While the two main hubs of the Jewish community are centered around the synagogues in Hobart and Launceston, Jewish people are spread out across the island.

Jeff Schneider, the president of the Hobart Hebrew Congregation, is particularly thrilled that this year, for the first time in many years, the synagogue will be erecting a sukkah. “It is particularly meaningful for parents of young Jewish children to see our kids enjoy this experience as Hobart comes out of winter,” he said.

While Hobart is erecting its own sukkah this year, for most people living on the island, the chances of building a sukkah are slim. However,each year, Rabbi Gordon and Rebbetzin Rochel bring a traveling sukkah to the communities they serve. After doing this for 10 years, they are well versed in how to pack a sukkah for the road.

“Originally, we started off with a pop-up sukkah, which we would take to people’s houses; we would pop the sukkah up. It would take five minutes to put it together, and about 10 minutes to pack up,” said Rabbi Gordon. “The pop-up sukkah has been many interesting places. In general, when we do the traveling sukkah, we travel to a different part of Tasmania each year. We choose a part, whether it is the northwest, or the southeast. We take a region and try to visit as many people as we can. The sukkah has gone as far south as Hastings. And it has gone as far northwest as Smithton.”

In 2021, the Gordons decided to upgrade their traveling sukkah to a sukkah mobile, which they attach via a trailer to the back of their car. “We rented a trailer, we had a sukkah on the back, and we spent the entire chol hamoed on the road,” Rabbi Gordon said.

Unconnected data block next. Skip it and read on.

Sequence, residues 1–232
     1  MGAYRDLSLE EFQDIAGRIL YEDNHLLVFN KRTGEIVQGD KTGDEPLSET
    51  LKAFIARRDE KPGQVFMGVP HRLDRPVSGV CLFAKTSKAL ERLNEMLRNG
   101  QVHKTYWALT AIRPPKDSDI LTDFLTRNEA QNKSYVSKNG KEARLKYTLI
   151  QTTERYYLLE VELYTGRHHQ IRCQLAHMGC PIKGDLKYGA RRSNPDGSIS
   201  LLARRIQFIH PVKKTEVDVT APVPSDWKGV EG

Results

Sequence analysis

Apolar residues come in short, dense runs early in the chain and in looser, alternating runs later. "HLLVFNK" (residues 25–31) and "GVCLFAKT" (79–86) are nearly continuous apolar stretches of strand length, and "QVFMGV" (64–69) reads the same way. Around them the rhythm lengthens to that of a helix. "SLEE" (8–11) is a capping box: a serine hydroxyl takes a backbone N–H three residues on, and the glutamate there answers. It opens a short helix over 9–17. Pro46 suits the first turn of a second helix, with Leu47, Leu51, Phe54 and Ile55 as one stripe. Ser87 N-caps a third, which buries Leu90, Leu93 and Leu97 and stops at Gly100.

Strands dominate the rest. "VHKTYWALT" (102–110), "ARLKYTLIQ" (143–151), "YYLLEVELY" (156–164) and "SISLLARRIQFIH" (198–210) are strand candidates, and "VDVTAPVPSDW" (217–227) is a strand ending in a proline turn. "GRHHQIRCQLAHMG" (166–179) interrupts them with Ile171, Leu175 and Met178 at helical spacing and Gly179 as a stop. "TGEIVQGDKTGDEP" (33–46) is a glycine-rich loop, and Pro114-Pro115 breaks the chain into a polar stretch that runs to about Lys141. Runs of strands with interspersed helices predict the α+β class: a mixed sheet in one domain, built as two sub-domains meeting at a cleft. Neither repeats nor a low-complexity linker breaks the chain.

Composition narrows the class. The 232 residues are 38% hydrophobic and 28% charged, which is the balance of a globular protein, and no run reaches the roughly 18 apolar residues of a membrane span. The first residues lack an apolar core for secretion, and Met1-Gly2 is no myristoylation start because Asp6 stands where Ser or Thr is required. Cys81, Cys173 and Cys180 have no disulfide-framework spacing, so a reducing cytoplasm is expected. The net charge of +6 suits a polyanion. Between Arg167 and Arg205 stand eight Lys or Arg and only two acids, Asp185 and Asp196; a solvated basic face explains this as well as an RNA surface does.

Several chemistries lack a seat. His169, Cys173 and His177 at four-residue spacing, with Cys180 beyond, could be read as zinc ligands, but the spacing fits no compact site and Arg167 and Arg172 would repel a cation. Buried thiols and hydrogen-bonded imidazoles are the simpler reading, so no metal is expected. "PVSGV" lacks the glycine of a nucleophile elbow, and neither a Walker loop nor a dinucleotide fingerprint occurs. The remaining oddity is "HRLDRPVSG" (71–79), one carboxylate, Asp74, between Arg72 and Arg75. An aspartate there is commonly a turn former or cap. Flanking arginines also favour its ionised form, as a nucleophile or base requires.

The new sukkah resulted in some unexpected complications along the way. “There is so much highway driving we had to take down the walls and schach every single time we go on the highway, because, otherwise, the walls wouldn’t survive and the schach would go flying,” Rabbi Gordon reflected, referring to the thatched covering for a sukkah. “One time, I had forgotten to take the schach off the roof and I drove to the next place, and I saw I had no schach. So, I drove back, and I looked around, until I found the schach, and was able to put it back on and rebuild the sukkah together.”

For Layne Shoebridge Harris, a Jew living in Burnie, Tasmania, the rabbi’s visits are meaningful. “I get very happy when the rabbi comes,” he said. “It just makes me feel so good to be connected to community, and not only that, the neighbors are also interested, too, when the rabbi comes.”

The reason the Gordons take the sukkah to the people in Tasmania is because they realize that personal visits resonate with the small but spritely population living there. “One of the biggest issues we fight against is teaching people that they can be proud Jews,” said Rebbetzin Rochel. “There is some fear that if they identify as Jews, antisemitism will come out.”

It is something that Rabbi Gordon has experienced personally, although his ever present sense of humor helped to defuse the situation. “One time, I was out, and someone asked me, ‘When did you Jews get here?’” With a huge smile, Rabbi Gordon recalled, “I told them: ‘We got here in 1804 when the convicts arrived.’”

But despite the occasional challenges, Rebbetzin Rochel and Rabbi Gordon love living and serving the Jewish community of Tasmania. “We live three hours from a location called Edge of the Earth. There is no land from there until South America,” Rebbetzin Rochel said. “It is the cleanest air in the world.”

“In Tasmania,” she added, “the feeling you get is that people realize every individual is important. In a place like Tasmania, when you’re not there, something’s missing. To get a minyan in Tasmania, every single person is counted. When you come to a program, every single individual is important. It’s a smaller, tighter-knit group of people.”

Nomi Kaltmann is Tablet magazine’s Australian correspondent. Follow her on Twitter @NomiKal.